Following the arrival of Daniel Boone a couple hundred years ago, a slow trickle of settlers started coming up the mountain and settling around Tanawha, what the Cherokee called Grandfather Mountain. Its reputation as a unique and special place began to spread far and wide.
It began attracting the attention of some of the most famous naturalists of the 18th and 19th centuries. Many of them decided to make the long and difficult journey to see what the buzz was all about. They were NOT to be disappointed.
Two of the first to visit were Andre Michaux and John Fraser, and they were on very different missions and not exactly the best of friends.
While Fraser was a commercial collector, gathering and taking specimens back to grow in nurseries and greenhouses, Michaux, the King’s Botanist, had traveled the world collecting specimens for the royal gardens in Versailles before he came to the mountains of North Carolina.
When Michaux reached rocky Calloway Peak at Grandfather Mountain in 1794 he shouted, “Long live American and the Republic of France,” and burst into song…singing La Marseillaise, the national anthem of France at the top of his lungs because he thought he had reached the highest point in North America! And while that spot actually isn’t even in the top 200 peaks, at only 5,946 feet it IS the highest point along the Blue Ridge.
While history does not record Fraser breaking into a throaty version of “Scotland the Brave”, he did feel right at home among the moors and mountains of western North Carolina.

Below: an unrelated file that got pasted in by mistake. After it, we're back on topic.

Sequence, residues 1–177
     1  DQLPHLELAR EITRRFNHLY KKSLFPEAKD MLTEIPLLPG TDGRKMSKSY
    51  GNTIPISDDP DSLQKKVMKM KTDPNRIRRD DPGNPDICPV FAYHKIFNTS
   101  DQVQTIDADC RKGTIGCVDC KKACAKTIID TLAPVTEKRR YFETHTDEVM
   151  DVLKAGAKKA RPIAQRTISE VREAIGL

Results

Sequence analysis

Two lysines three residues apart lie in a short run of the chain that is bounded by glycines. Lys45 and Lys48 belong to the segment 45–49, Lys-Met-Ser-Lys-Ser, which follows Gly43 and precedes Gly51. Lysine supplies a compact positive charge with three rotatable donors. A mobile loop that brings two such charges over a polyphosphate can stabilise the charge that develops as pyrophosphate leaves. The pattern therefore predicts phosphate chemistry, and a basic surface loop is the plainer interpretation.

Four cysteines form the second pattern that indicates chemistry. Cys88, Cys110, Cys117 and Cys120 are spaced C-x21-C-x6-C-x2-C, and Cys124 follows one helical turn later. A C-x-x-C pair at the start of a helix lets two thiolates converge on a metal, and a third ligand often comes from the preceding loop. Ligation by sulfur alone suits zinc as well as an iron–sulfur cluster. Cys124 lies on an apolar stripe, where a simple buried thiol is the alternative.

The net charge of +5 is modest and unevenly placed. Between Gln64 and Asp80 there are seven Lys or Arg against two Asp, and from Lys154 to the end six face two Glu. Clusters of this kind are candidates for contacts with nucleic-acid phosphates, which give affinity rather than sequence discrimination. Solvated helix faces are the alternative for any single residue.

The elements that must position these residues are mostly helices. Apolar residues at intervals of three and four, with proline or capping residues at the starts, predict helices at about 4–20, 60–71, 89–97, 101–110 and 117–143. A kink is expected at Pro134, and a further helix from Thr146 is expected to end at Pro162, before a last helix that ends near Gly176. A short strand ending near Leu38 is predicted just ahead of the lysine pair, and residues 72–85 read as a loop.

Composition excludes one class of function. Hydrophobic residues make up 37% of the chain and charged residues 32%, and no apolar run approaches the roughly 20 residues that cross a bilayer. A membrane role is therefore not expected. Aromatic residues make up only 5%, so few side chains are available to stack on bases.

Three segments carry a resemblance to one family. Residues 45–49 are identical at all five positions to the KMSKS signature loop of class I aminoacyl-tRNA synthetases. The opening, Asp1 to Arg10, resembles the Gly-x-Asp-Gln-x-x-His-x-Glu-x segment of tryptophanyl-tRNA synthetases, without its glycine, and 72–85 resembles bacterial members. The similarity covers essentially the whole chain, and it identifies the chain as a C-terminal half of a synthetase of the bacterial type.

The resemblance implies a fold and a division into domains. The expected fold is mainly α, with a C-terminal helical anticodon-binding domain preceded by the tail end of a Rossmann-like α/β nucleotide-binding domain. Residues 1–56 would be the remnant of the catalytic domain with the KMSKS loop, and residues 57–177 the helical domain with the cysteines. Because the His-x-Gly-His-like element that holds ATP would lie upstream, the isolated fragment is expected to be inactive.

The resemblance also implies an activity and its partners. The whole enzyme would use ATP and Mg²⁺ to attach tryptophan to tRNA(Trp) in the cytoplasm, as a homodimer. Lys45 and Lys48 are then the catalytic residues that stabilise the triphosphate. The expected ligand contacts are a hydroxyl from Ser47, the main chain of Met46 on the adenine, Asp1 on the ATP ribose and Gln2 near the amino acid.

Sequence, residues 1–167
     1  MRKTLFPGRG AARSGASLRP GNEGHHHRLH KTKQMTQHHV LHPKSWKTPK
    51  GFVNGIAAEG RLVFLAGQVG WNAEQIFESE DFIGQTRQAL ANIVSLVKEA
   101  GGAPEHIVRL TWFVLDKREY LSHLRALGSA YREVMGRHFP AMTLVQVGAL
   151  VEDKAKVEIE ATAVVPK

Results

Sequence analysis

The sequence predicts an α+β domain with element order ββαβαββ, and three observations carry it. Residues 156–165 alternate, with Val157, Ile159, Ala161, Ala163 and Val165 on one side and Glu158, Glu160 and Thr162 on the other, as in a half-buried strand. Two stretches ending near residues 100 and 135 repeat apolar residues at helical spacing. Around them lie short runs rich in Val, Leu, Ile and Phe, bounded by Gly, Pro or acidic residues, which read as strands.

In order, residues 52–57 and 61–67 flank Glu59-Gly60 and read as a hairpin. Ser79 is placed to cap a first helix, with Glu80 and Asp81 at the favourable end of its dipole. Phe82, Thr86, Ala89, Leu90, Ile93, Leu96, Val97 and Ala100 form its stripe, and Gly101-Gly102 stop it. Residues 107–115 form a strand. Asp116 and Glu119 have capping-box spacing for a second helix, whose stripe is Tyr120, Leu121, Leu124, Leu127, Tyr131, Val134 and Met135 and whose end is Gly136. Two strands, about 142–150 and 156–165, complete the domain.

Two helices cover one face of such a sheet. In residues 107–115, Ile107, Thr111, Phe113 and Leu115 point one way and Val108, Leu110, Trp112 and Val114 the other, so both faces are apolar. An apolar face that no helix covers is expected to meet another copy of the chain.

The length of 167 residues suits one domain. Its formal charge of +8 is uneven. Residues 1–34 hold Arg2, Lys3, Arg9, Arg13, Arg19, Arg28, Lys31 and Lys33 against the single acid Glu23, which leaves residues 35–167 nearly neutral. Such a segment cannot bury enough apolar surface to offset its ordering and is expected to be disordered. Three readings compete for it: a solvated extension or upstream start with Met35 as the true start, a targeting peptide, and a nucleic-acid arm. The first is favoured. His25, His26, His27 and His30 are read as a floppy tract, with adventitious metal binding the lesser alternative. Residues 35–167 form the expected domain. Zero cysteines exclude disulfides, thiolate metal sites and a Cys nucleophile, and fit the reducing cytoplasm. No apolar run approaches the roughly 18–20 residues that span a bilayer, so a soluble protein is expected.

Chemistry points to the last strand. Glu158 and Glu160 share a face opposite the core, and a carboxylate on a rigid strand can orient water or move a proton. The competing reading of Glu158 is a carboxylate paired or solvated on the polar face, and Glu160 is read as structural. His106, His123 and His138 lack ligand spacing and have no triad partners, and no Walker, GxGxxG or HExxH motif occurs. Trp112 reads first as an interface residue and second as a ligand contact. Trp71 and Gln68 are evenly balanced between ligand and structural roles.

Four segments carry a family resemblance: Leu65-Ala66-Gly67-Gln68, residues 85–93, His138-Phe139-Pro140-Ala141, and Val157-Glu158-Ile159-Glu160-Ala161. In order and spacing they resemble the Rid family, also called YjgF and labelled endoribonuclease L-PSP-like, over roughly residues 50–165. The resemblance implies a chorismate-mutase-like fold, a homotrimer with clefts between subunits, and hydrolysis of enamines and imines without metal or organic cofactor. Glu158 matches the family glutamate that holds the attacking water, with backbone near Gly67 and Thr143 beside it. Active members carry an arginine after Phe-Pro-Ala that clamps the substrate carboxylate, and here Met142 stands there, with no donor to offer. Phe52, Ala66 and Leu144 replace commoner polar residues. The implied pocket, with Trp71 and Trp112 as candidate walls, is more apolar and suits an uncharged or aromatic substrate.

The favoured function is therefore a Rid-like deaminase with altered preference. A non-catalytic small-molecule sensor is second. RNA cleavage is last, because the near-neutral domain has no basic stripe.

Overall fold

Biome sweet Biome…
Michaux and Fraser were like kids in a candy store because Grandfather Mountain has 16 distinct ecological communities on its slopes. And in the late 1700s trained botanists like those two were making discoveries nearly every day…constantly seeking to one up the other.
Fraser introduced 200 distinct plant species from the Americas to the world, while Michaux discovered over 280 in North and South Carolina. And while Michaux won the numbers game, Fraser, the namesake for the “Cadillac of Christmas Trees” has had the more enduring name recognition!
America’s most famous botanist, Asa Gray, from Harvard visited in 1841 in search of a plant he had seen Michaux’s collection
Finally, one of the first great American naturalists to visit Grandfather spent several weeks on and around the mountain, hiking and exploring, before going on to California and becoming famous for working to save what would later become known as Yosemite national park. That naturalist? John Muir, “The mountains are calling and I must go!” And so must we…see you next time on Appalachian Moments! Thanks again for liking, sharing and adding your comments! Click the link below to hear the audio version, and no, I don’t attempt to copy Andre’s version of La Marseillaise!